This article was published in Australian Dictionary of Biography, Volume 8, (MUP), 1981
Lionel Bale Fletcher (1877-1954), Congregational minister and evangelist, was born on 22 May 1877 at Maitland, New South Wales, eighth child of John Fletcher, teacher and Methodist lay preacher, and his wife Eliza, née Bale. Three of their sons became ordained Methodist ministers, including Michael Scott Fletcher (1868-1947), professor of philosophy at the University of Queensland in 1923-38; all seven sons were preachers.
After completing his schooling at Newington College, Sydney, Fletcher when 16 went to sea as an apprentice hand on the sailing-ship Macquarie. After the return voyage from England he worked on a brother's property, near Peak Hill. Here, in July 1896, he was converted. In December 1897, attending a meeting of the annual Petersham evangelical conference, he had a second decisive religious experience. This convinced him that a full Christian life was only possible in the power of the Holy Spirit. Fletcher was a clerk when he married Maude Harris Basham on 24 January 1900. She was an able speaker and musician and a partner in all his subsequent work, but the marriage temporarily blocked entry to the ministry. After working as a miner and journalist at Charters Towers, in 1905 he was accepted by the New South Wales Congregational Union as a home mission agent and extramural theological student. He was ordained on 24 March 1908 and served briefly at Kurri Kurri.
Fletcher had three highly successful pastorates: at Port Adelaide (1909-15) where he followed Rev Joseph Kirby; at the Wood Street church, Cardiff, Wales (1916-22); and at the Beresford Street church, Auckland, New Zealand (1923-32). In all three he preached to convert and, beginning in South Australia, became increasingly involved in wider evangelism. He was active in South Australia's campaign for six o'clock closing and in New Zealand, for prohibition. He also denounced drink, gambling and lipstick. Another abiding interest was the Christian Endeavour Union, of which he became world vice-president. In 1922-23 he and his wife conducted the successful 'New Life Campaign' in Britain.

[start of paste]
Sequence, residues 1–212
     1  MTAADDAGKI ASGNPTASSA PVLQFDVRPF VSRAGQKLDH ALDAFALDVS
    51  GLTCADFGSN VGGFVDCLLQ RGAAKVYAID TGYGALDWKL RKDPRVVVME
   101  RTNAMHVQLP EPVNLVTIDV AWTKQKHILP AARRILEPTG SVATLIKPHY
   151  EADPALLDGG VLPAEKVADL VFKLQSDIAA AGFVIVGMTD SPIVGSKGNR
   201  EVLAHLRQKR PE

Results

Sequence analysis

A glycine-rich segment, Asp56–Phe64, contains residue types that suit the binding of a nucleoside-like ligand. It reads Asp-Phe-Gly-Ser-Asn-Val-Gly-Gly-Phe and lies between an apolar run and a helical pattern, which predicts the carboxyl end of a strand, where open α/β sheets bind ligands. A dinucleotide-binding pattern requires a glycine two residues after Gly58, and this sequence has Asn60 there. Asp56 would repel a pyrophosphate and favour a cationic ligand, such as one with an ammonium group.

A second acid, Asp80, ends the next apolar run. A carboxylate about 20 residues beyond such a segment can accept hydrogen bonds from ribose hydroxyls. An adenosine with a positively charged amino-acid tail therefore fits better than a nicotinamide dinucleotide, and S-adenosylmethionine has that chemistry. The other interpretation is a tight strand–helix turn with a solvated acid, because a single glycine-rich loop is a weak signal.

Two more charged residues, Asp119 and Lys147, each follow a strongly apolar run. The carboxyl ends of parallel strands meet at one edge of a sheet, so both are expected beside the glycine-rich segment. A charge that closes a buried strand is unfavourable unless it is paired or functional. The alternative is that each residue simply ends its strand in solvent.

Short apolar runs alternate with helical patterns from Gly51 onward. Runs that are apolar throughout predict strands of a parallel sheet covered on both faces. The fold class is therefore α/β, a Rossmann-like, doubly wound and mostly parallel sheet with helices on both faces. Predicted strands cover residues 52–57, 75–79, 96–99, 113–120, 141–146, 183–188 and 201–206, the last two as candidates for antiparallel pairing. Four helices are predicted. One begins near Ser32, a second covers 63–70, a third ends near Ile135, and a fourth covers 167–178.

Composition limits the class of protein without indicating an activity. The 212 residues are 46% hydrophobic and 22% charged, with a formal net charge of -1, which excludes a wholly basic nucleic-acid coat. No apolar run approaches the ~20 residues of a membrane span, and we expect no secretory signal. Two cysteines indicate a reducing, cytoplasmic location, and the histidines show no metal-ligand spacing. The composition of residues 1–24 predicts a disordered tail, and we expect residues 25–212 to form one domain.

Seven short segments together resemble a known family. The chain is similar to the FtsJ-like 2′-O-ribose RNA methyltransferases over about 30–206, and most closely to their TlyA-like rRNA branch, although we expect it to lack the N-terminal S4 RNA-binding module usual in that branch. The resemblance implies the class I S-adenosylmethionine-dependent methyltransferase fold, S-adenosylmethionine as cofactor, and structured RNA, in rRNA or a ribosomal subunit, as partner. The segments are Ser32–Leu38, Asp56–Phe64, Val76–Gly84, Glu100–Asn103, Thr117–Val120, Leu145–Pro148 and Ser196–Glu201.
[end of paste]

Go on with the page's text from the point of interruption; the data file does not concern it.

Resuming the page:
In 1931 Fletcher returned to England to lead a six-month youth evangelical campaign which drew in thousands and, he claimed, was 'the greatest and most inspiring religious movement England has known in this generation'. In September 1932 he became 'Empire Evangelist' for the Movement for World Evangelization, newly formed in London. He broke with this group in 1935, but continued full-time work in England with the National Council of the Evangelical Free Churches. Probably his greatest campaigns were in South Africa in 1934 and 1936. In 1941 he returned to settle in Sydney. He retained his commitment to evangelism, but had by now lost much of his former energy and believed that he saw about him a new religious indifference. He died in hospital at Mosman, after a short illness, on 19 February 1954, survived by his wife, a son and a daughter.
Fletcher was influenced in his evangelistic work by American revivalists such as Dwight L. Moody and J. Wilbur Chapman. His preaching was unsensational in style, direct, forceful and humorous, with a fund of stories drawn from his wide experience of life. He employed his gift for writing on occasional journalism, and on evangelism and the Christian life; as 'Uncle Leo' he ran a children's programme on radio station IYA Auckland.
Hugh Jackson, 'Fletcher, Lionel Bale (1877–1954)', Australian Dictionary of Biography, National Centre of Biography, Australian National University, http://adb.anu.edu.au/biography/fletcher-lionel-bale-6195/text10649, published first in hardcopy 1981, accessed online 30 July 2016.
This article was first published in hardcopy in Australian Dictionary of Biography, Volume 8, (MUP), 1981